Seamless Prediction Across Time and Space Scales

Earth System Models are increasingly being applied to prediction, in support of scientifically-based decision-making. Such predictions occur on a variety of spatial and temporal scales, dependent on the problem of interest. In order to make the best use of resources, increasingly the same code base is being to applied to different prediction problems at different resolutions. Many of the model advances described in the Earth System Modeling research theme allow the same model to be applied to prediction at different scales, by incorporating scale-aware physically-based parameterizations, a choice of model formulation with the appropriate physics for the scale of interest (e.g., nonhydrostatic v. hydrostatic), and varying degrees of comprehensiveness and complexity. CIMES focuses on two different aspects of prediction across time and space scales, the very high resolution modeling necessary to resolve extreme weather phenomena, and the predictability of different weather and climate phenomena.

High resolution modeling: the CIMES contribution to high-resolution modeling at NOAA-GFDL, focuses on the development of model components that accurately represent physical processes as model resolution is increased beyond the current norm of 25-100 km, and the computational and data issues associated with the development of high-resolution coupled models. The unique strengths of the NOAA-GFDL modeling system include the FV3 atmospheric dynamical core; the MOM6 ocean model; and the Flexible Modeling System (FMS) infrastructure underlying those, to which Princeton scientists have made substantial technical and scientific contributions.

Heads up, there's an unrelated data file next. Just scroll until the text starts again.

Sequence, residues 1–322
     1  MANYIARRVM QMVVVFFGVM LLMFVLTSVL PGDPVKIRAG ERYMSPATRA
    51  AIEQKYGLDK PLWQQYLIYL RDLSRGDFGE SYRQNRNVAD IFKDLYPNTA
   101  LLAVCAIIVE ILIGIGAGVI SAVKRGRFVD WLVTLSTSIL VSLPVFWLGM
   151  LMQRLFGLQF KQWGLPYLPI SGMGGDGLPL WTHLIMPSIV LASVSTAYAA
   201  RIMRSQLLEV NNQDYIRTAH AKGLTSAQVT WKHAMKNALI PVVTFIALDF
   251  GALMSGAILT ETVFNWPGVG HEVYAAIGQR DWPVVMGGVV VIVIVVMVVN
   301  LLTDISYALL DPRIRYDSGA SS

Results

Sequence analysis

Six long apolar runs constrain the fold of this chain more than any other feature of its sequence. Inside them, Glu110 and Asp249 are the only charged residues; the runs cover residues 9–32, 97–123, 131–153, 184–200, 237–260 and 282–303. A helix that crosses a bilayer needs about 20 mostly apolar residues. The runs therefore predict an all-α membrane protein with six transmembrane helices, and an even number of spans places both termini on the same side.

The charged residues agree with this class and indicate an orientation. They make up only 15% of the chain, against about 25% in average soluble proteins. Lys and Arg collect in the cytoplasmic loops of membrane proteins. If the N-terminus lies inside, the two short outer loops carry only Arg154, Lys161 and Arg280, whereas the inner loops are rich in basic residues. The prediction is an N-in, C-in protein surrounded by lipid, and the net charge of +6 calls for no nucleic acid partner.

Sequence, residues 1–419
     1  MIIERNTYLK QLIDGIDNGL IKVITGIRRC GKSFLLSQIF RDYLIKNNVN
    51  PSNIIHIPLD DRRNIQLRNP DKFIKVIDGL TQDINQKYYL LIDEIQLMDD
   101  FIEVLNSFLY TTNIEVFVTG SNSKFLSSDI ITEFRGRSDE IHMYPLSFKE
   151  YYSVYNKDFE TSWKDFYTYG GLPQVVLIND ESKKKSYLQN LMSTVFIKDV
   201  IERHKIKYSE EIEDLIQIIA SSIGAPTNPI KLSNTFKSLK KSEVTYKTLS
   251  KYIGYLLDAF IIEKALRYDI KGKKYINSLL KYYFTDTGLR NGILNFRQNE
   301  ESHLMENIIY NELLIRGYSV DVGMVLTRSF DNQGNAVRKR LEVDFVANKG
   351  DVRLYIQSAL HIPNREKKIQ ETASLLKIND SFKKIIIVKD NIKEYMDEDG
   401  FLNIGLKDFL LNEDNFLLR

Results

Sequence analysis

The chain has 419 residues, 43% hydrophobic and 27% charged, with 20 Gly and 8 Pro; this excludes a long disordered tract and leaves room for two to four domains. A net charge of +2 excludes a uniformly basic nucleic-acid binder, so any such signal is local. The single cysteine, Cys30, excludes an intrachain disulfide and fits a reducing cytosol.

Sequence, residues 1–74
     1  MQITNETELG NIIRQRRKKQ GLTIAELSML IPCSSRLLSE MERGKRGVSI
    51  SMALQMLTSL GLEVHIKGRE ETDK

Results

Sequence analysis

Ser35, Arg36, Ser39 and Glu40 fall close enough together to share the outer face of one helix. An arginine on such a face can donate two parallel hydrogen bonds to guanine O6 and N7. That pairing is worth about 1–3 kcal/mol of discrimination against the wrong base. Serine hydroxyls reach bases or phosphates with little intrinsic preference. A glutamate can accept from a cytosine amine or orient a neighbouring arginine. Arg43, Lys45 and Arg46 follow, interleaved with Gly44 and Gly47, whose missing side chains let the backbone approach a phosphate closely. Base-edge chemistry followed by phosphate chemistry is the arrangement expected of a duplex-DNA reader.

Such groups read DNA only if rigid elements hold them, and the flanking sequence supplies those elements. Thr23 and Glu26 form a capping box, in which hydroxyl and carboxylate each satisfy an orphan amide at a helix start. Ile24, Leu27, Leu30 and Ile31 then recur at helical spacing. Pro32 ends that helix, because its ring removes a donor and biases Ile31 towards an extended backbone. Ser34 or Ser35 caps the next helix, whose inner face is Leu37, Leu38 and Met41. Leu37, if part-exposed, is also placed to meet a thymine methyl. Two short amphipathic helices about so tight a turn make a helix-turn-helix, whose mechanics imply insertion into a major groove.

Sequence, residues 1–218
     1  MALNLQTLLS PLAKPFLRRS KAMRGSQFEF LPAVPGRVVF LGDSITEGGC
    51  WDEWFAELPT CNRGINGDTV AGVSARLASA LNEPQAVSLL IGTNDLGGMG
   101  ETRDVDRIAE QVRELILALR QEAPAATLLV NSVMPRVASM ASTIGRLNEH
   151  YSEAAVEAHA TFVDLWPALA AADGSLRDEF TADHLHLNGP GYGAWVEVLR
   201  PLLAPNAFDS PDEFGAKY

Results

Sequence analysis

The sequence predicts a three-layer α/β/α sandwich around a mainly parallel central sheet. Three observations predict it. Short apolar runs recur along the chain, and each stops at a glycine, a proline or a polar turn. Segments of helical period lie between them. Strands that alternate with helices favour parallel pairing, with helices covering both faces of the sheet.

Predictability: The next generation earth system modeling tools that have been and will be developed at CIMES and NOAA/GFDL present a rich opportunity for collaborative research aimed at understanding of the underlying predictability of the earth system, on timescales from hours to decades, and building systems that realize this predictive potential. Predictability on these timescales can arise from both the dynamical evolution of the earth system from its initial state (“initial value problem”) and from changes in factors external to the system in question (“boundary value problem”). CIMES undertakes research into predictability, data assimilation and realizing prediction skill in close collaboration with scientists at NOAA/GFDL.